Datatilsynet - 2019-41-0028

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Datatilsynet - Christian Trade Union
LogoDK.png
Authority: Datatilsynet (Denmark)
Jurisdiction: Denmark
Relevant Law: Article 32 GDPR

Article 33 GDPR

Type: Investigation
Outcome: Violation found
Decided: n/a
Published: 05.11.2019
Fine: None
Parties: Christian Trade Union
National Case Number: 2019-41-0028
European Case Law Identifier: n/a
Appeal: n/a
Original Language: Danish
Original Source: Datatilsynet (in DA)

The Datatilsynet issued a decision on Articles 32 and 33 GDPR due to unencrypted e-mails sent by the controller.

English Summary[edit | edit source]

Facts and questions arising[edit | edit source]

After carrying out investigations at its own initiative, the Datatilsynet found that the Union was using the social security number of an individual as password for accessing e-mails stored on the Union’s database. The DPA also found that the Union was sending unencrypted messages, creating a high risk for a data breach, without reporting it to the DPA. The DPA notified the Union that it has to comply with the GDPR provisions until the 26th of November.

Holding[edit | edit source]

As a consequence, the Datatilsynet found that the Christian Trade Union violated Articles 32 and 33 GDPR by sending unencrypted e-mails.

Comment[edit | edit source]

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Further Resources[edit | edit source]

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English Machine Translation of the Decision[edit | edit source]

The decision below is a machine translation of the original. Please refer to the Danish original for more details.

Supervision of treatment safety at the trade union
Published 05-11-2019
Decision Private companies
Journal number: 
Resume
Christian Trade Union (hereafter Krifa) was among the companies selected by the Danish Data Protection Agency in 2019. The audit focused on security of processing, including in particular the encryption of e-mails, cf. Article 32 of the. The Danish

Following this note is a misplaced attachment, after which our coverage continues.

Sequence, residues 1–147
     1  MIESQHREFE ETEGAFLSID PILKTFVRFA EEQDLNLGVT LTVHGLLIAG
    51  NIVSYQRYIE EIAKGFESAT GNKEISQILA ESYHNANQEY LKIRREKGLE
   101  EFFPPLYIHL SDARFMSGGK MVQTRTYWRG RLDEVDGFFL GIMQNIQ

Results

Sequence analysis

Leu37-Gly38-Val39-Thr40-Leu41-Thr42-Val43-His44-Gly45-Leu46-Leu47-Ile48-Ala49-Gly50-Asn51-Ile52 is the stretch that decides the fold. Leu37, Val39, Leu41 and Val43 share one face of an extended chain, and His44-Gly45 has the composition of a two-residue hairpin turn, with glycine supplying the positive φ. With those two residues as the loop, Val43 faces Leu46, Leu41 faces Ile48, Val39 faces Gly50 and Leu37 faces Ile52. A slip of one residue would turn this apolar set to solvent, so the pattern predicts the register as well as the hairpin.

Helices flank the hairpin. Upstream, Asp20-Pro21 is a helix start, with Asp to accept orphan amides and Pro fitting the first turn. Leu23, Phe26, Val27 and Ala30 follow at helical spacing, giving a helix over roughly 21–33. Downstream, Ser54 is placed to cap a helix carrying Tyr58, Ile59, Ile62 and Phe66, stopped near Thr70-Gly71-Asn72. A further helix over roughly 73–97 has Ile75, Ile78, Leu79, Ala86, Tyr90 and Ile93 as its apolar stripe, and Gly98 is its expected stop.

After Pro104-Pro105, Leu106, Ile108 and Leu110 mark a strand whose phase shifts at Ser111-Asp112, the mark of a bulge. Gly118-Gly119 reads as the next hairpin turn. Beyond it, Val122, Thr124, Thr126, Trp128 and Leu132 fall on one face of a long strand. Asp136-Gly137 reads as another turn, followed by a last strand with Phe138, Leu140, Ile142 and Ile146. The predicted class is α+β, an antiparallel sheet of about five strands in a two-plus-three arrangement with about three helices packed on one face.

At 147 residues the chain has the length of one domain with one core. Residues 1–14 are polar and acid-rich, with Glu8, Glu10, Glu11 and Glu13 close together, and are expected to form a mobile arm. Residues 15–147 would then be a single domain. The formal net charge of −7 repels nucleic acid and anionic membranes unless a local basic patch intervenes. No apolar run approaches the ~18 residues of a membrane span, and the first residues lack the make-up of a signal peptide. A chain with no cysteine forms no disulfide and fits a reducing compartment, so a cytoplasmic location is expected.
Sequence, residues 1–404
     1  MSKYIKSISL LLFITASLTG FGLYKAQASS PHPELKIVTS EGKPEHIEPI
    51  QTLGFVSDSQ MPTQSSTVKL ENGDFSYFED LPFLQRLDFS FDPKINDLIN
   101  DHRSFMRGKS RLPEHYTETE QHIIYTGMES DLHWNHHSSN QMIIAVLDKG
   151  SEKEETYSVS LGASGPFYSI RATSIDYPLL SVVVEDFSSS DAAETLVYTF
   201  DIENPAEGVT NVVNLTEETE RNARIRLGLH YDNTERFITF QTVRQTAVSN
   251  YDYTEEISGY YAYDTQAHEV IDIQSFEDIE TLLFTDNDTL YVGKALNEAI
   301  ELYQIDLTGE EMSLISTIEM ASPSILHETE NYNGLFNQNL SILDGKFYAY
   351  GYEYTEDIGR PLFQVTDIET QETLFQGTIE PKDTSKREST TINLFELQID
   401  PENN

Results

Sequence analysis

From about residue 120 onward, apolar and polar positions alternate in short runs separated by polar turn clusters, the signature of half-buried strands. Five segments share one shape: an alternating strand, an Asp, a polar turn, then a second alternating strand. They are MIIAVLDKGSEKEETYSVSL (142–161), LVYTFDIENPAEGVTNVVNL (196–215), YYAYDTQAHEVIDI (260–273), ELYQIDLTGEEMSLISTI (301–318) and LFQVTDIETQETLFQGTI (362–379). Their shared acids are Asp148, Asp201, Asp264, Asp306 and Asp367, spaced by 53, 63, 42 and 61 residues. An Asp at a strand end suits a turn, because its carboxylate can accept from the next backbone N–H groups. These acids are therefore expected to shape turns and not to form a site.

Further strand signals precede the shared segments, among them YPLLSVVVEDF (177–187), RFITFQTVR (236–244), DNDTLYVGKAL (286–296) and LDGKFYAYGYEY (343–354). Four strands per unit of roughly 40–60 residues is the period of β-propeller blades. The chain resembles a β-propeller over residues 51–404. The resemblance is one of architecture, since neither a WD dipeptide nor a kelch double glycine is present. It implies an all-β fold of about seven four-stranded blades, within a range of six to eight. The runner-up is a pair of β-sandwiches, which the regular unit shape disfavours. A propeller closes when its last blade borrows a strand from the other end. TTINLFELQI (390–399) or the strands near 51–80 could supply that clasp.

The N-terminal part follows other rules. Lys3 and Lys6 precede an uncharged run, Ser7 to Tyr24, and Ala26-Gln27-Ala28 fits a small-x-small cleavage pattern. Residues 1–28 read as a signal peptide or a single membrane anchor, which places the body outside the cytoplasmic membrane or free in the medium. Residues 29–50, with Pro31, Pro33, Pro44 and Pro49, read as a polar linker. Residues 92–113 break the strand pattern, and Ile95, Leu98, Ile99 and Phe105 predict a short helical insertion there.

Data Protection RegulationData Protection Agency has criticized the fact that Krifa has not complied with the requirements of Articles 32 and 33.
of the Data Protection Authority's final opinion, among other things. ., that Krifa has violated Article 32 of the Data Protection Regulation by using the social security number of the person to whom the email relates as a password for reading an email stored on the company's secure e-mail web service.
In addition, the opinion states that Krifa has violated Articles 32 and 33 of the Data Protection Regulation by sending unencrypted emails between January 1, 2019 and April 9, 2019, where information on trade union affiliation could be derived and without reporting the incidents to the Data Inspectorate as a breach of personal data security.
The Data Inspectorate has found a basis for notifying Krifa of ceasing to use the social security number of the person to whom an e-mail for reading on the company's secure web service, as password for reading the e-mail. The deadline for compliance with the injunction is November 26, 2019.